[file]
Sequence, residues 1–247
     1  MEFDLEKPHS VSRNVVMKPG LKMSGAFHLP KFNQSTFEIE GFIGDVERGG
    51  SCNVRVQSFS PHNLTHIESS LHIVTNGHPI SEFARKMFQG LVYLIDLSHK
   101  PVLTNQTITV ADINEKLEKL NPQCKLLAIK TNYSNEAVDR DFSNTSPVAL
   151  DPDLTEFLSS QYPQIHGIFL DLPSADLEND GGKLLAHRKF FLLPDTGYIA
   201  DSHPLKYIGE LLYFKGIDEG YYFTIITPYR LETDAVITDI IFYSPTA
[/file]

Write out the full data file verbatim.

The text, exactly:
Sequence, residues 1–247
     1  MEFDLEKPHS VSRNVVMKPG LKMSGAFHLP KFNQSTFEIE GFIGDVERGG
    51  SCNVRVQSFS PHNLTHIESS LHIVTNGHPI SEFARKMFQG LVYLIDLSHK
   101  PVLTNQTITV ADINEKLEKL NPQCKLLAIK TNYSNEAVDR DFSNTSPVAL
   151  DPDLTEFLSS QYPQIHGIFL DLPSADLEND GGKLLAHRKF FLLPDTGYIA
   201  DSHPLKYIGE LLYFKGIDEG YYFTIITPYR LETDAVITDI IFYSPTA